I have a theory that my job as a supervisor is to manage relationships on my team, not just manage people.
What are your initial reactions to this radical concept? I have not heard or read of this anywhere else. (It could be a great topic for a Ph.D. dissertation if I was pursuing a doctorate.)
Let me summarize my applications from a college math class I took on combinatorial theory, demonstrate how I use these calculations to adjust my management style, provide some biblical support for my theory, and offer some practical suggestions as to how to best apply this concept. I believe it will be eye-opening and will be extremely useful for many who manage a team of people.
Using Combinatorial Theory at Work
Several years ago, I saw how I could use combinatorial theory to figure out just how many distinct relationships we had in our Operations section. It is a simple mathematical formula: n x (n-1)/2, where n is the number of people you have.
With five team members, you multiply five by four (which are the four people each has to work with) and then divide by two. (You do not need to count relationships twice; my relationship with you is the same as yours with me). In this case, five times four equals twenty, divided by two, which yields a total of ten relationships.
What if we added two more workers to our team of five?
Now we have seven. How many distinct relationships do we have now? Using the formula above, 7 x 6 / 2 = 21. Twenty one! By adding two more people to our team, I do not have just two more people for me to care for. I am now required as a manager to maintain eleven more relationships than the ten we had earlier. (Each of the two new team members has to relate to the previous five and also will relate to each other.) This is fascinating to me and has a number of implications.
Implications for Managers
These calculations have changed the way I do business. Every relationship is important and needs to be monitored by the leader. The chain is only as good as its weakest link. Everyone has to relate to each other, and not just to the boss. As a leader, I am responsible to facilitate, improve, and maintain each relationship between my employees, not just my relationships with each of them.
Additionally, where there are more people on your team, there will always be more potential for conflict. With so many relationships to maintain, each member of the team has to strive to communicate positively with everyone and resolve conflicts at the lowest level possible.
Being a Faithful Shepherd of the Sheep
Those who are called to full-time pastoral ministry are often reminded of their roles as shepherds of the flock. However, as I look at my own role as a manager (a supervisor of supervisors), I am also called to be a faithful shepherd of the team that God has placed me over, as long as I am in this position. Let me share some Scriptures on being a good shepherd and discuss how that can apply to any leader.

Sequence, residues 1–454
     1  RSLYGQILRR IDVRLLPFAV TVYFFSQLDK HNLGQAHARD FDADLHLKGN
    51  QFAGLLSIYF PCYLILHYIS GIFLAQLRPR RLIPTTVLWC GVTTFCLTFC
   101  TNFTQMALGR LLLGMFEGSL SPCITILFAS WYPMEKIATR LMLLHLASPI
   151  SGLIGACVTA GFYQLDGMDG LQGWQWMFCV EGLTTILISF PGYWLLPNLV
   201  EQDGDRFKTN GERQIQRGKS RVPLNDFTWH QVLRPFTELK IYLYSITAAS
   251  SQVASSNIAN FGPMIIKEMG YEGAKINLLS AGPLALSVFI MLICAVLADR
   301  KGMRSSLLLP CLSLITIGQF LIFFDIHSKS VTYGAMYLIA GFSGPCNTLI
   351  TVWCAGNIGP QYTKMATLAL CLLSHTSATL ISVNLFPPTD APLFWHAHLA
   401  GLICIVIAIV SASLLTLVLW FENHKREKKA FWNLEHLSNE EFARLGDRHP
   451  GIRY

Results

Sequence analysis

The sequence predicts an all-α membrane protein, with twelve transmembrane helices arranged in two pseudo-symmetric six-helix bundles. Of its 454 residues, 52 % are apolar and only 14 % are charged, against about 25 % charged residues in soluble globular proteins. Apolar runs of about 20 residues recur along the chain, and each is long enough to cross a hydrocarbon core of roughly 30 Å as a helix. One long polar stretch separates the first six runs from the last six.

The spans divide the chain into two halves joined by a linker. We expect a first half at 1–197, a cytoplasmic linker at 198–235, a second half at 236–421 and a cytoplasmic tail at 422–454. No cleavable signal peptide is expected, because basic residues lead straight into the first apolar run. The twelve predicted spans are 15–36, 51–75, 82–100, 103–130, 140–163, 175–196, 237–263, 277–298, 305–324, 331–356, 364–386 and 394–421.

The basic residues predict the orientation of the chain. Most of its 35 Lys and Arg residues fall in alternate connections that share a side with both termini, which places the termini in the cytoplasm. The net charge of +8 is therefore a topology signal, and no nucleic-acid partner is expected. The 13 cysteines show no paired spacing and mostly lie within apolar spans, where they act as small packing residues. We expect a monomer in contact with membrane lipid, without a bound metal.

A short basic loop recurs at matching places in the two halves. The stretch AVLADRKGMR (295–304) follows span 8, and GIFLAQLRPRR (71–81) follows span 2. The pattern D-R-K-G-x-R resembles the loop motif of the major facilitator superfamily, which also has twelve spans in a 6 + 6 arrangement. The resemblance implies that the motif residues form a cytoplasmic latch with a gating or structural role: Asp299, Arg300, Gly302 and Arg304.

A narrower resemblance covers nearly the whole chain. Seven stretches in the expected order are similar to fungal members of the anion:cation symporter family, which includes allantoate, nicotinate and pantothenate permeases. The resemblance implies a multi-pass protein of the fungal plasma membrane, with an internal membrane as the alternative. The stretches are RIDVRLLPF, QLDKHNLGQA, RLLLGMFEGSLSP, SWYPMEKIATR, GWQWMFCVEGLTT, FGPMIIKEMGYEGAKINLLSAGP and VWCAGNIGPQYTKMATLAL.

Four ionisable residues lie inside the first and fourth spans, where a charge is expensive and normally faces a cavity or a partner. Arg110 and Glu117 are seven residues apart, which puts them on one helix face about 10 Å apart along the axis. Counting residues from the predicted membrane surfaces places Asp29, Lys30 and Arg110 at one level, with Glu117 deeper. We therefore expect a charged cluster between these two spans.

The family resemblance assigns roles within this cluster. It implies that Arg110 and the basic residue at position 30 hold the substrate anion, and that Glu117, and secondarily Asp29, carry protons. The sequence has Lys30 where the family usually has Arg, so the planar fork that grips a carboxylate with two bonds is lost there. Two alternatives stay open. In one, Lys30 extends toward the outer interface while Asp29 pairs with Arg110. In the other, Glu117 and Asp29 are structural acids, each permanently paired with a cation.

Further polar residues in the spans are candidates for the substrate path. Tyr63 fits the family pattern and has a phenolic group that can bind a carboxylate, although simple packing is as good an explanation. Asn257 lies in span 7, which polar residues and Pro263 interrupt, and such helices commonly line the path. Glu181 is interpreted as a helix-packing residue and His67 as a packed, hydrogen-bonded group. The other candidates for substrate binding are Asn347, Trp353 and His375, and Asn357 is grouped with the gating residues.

Let’s start with Jesus. He stated that He was the good Shepherd who would lay down His life for His sheep (John 10:11). This should remind us of the words of David in Psalm 23, who spoke of Yahweh as his shepherd. When Jesus saw the crowds as He was teaching and healing, He had compassion on them, as they were like sheep without a shepherd. (See Matt. 9:35-37; Mark 6:34.)
The prophet Jeremiah spoke often about shepherds. He mentions that God will once again provide faithful shepherds after His own heart, who will lead with knowledge and understanding (Jer. 3:15). Later, he criticizes Israel’s leaders for being senseless and letting the sheep be scattered (Jer. 10:21).
There are a few implied tasks from these verses above. I need to be like Jesus as a shepherd of the flock, who lovingly, sacrificially, and faithfully cares for His people. I need to pray that God will continue to transform me into a compassionate leader, who will lead with wisdom and knowledge.
Shepherds who want to be wise are exhorted to pay close attention to their flocks (Prov. 27:23). I do not know if sheep relate to each other. They probably do to a certain degree. But people do, and if we are to be attentive shepherds of our team, we need to ensure they get along with each other.
How do I Maintain Relationships on My Team?
Let me provide a few suggestions as to how to foster relationships and build teamwork:
- Consistently treat everyone with dignity and respect; expect the same from all members
- Provide opportunities to work on projects with someone different (i.e., officers with NCOs)
- Train team members to look out for each other, offer help when needed, and handle conflicts at the lowest level before they bring them to you
- Pay attention to those who tend to keep to themselves and avoid interacting with the others on the team; you want to encourage positive relationships, not just avoid conflict
At the end of the day, I want to build a strong team, one that can accomplish the variety of missions we are given every day, which in our case directly supports and defends the U.S. Constitution. As I focus my attention on building a caring community of teammates, we will all come out as winners.
Editor’s note: This article originally appeared on the author’s personal blog. Republished with permission.